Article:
Sigma patented a set of standard zoom lenses, experimenting with apertures from 2.8 to 4.0, and ranges as narrow as 28-70 to as long as 24-100. The news was first reported by Hi-Lows. Sigma has a long history of producing standard zooms that wind up not being quite as good as first party brands, an exception in their high-end lineup. The typical Sigma prime is both better in image quality and much cheaper in price than its OEM contemporaries.

Perhaps to address the historic weakness of its wider zoom offerings, Sigma appears to be testing out narrowed ranges to allow for more focused corrections. They did this previously with the now-classic 18-35mm f/1.8 Art lens for crop sensors, the design of which was brought over to full frame sensors with the 24-35mm f/2 Art a few years later. That latter lens was sharper at both 24mm and at 35mm than the Art primes in those focal lengths, but was widely criticized for having a short zoom range.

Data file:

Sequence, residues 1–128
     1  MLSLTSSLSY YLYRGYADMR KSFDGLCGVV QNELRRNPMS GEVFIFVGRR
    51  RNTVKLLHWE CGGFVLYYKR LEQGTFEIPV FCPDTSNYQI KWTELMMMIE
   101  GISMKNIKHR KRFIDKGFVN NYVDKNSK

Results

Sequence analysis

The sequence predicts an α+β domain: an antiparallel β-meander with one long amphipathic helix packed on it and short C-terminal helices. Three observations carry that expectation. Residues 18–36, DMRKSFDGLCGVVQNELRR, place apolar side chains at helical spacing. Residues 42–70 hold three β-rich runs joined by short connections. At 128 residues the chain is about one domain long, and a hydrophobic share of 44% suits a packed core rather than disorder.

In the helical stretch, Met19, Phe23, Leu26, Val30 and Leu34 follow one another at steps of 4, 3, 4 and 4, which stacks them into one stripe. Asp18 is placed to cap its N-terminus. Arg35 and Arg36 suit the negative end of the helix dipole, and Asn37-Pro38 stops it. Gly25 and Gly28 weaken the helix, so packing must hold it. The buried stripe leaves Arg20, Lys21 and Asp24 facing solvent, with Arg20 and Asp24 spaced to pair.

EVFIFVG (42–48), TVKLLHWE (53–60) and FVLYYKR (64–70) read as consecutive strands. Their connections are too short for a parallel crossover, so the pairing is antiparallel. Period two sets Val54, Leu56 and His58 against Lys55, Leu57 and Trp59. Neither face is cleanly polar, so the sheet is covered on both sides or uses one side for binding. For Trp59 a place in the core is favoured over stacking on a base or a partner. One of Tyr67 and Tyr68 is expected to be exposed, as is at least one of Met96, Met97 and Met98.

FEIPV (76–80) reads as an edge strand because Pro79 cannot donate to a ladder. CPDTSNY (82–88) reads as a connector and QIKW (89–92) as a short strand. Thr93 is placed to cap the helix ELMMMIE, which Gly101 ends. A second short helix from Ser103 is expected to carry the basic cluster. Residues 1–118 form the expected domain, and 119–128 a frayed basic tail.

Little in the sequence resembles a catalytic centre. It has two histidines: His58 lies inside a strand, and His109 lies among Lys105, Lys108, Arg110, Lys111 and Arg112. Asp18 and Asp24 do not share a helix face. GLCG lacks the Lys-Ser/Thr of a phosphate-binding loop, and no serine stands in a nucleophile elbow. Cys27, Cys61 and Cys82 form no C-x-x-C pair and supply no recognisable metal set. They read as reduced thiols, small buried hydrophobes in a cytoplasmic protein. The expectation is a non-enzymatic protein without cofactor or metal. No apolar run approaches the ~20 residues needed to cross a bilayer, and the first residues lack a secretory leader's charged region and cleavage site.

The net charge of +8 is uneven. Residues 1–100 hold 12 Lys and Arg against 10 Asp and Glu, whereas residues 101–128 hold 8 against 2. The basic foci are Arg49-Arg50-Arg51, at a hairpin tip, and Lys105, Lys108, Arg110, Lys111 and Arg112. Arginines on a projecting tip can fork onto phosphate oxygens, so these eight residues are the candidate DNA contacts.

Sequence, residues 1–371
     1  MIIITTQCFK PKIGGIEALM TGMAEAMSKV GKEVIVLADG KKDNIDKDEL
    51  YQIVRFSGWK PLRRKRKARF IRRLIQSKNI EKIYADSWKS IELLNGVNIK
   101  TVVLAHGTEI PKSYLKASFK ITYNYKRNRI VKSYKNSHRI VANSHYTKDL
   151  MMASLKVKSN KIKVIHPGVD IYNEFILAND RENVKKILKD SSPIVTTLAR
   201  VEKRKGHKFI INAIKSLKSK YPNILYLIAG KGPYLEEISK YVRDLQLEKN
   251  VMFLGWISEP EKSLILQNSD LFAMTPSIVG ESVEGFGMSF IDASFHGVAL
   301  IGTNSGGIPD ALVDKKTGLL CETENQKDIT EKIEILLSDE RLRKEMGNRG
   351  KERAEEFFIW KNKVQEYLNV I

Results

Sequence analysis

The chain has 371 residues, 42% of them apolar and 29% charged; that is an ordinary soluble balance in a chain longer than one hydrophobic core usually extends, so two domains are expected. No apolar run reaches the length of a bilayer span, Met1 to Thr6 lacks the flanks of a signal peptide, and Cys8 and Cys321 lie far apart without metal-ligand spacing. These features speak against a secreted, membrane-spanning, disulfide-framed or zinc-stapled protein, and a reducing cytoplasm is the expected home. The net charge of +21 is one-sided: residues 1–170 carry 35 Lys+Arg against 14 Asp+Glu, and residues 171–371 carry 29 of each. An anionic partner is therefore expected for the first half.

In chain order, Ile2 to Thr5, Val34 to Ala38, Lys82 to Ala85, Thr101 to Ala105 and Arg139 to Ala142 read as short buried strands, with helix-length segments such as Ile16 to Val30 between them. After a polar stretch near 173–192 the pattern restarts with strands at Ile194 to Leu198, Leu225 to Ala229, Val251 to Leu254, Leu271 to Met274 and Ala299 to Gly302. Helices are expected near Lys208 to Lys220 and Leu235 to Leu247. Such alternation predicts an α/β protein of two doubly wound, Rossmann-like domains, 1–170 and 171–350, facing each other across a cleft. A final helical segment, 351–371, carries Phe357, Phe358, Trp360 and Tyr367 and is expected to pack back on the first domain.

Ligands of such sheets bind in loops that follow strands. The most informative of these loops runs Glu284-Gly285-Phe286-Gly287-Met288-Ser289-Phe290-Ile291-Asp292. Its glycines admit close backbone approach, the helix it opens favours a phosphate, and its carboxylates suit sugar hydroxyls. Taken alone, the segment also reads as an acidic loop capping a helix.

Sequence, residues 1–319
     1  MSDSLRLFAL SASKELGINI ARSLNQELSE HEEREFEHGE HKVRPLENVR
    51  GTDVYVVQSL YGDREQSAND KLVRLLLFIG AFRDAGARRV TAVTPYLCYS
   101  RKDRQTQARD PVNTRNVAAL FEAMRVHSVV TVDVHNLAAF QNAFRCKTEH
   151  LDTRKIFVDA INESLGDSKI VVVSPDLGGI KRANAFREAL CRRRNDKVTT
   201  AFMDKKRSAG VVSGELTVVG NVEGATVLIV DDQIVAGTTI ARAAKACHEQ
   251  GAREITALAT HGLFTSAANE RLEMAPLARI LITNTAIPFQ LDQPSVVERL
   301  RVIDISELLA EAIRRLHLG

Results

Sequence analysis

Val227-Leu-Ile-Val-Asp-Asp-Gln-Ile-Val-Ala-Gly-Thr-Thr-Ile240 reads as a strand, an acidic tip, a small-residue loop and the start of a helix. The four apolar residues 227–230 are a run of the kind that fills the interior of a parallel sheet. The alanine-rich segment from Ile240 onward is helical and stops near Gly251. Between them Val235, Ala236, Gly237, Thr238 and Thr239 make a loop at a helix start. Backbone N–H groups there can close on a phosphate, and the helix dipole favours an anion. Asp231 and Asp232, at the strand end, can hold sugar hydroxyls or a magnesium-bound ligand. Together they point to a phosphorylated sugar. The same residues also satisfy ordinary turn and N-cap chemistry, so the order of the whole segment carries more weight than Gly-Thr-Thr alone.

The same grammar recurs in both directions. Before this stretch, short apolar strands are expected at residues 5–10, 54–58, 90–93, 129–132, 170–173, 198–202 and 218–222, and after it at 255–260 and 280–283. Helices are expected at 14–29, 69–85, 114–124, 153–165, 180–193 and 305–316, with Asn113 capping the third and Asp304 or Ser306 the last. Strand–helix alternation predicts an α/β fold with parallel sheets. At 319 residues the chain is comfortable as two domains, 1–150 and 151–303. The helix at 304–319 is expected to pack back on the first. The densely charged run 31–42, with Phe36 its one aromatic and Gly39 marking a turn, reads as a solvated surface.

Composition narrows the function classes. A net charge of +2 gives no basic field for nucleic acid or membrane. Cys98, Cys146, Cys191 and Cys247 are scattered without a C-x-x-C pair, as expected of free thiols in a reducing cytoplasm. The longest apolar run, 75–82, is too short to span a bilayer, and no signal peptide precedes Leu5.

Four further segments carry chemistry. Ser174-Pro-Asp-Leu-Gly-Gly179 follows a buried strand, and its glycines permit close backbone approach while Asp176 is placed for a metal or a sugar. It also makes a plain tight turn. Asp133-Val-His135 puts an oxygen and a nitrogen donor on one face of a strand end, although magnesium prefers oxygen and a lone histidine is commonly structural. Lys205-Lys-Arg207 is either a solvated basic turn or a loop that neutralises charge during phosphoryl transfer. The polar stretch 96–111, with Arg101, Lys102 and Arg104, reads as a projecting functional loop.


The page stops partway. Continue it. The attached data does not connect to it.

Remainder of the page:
Of the several manifestations of the patent, the 28-70mm f/2.8 appears to be a market-acceptable range – especially now that Canon offers its own 28-70, although in a very large f/2 configuration. The others contemplated in the patent are a 28-100mm f/4; a 24-100mm f/4; a 20-80 f/2.8; and a second version of the 24-100mm f/4 that has two fewer elements and is five percent longer.